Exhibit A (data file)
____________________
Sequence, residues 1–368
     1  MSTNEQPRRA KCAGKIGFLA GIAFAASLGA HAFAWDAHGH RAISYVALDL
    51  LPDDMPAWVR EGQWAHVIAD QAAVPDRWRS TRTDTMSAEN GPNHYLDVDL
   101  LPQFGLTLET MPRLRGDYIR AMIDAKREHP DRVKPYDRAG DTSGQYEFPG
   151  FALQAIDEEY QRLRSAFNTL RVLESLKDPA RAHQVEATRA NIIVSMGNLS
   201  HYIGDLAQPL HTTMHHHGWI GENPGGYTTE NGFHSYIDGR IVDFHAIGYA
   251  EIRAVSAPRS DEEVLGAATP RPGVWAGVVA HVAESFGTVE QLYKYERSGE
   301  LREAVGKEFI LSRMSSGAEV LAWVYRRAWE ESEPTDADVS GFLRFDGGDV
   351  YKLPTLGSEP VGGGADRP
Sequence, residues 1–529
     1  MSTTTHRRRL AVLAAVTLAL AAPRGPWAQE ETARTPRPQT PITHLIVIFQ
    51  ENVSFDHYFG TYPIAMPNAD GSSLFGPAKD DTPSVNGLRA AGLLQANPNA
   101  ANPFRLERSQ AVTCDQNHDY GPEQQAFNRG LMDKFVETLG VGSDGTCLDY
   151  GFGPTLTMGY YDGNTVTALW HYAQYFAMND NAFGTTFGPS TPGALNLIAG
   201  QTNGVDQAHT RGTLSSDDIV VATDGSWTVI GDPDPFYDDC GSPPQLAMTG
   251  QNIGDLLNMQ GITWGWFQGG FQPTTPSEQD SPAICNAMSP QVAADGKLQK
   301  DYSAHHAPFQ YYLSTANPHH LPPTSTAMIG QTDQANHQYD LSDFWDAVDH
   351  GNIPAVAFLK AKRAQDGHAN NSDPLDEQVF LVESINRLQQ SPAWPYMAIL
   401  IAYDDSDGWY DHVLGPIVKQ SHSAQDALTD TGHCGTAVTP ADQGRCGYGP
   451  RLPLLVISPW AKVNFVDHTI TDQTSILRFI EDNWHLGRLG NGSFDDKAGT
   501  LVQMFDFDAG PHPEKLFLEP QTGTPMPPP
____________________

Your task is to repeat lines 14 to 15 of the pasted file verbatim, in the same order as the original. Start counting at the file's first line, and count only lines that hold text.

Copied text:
   151  GFGPTLTMGY YDGNTVTALW HYAQYFAMND NAFGTTFGPS TPGALNLIAG
   201  QTNGVDQAHT RGTLSSDDIV VATDGSWTVI GDPDPFYDDC GSPPQLAMTG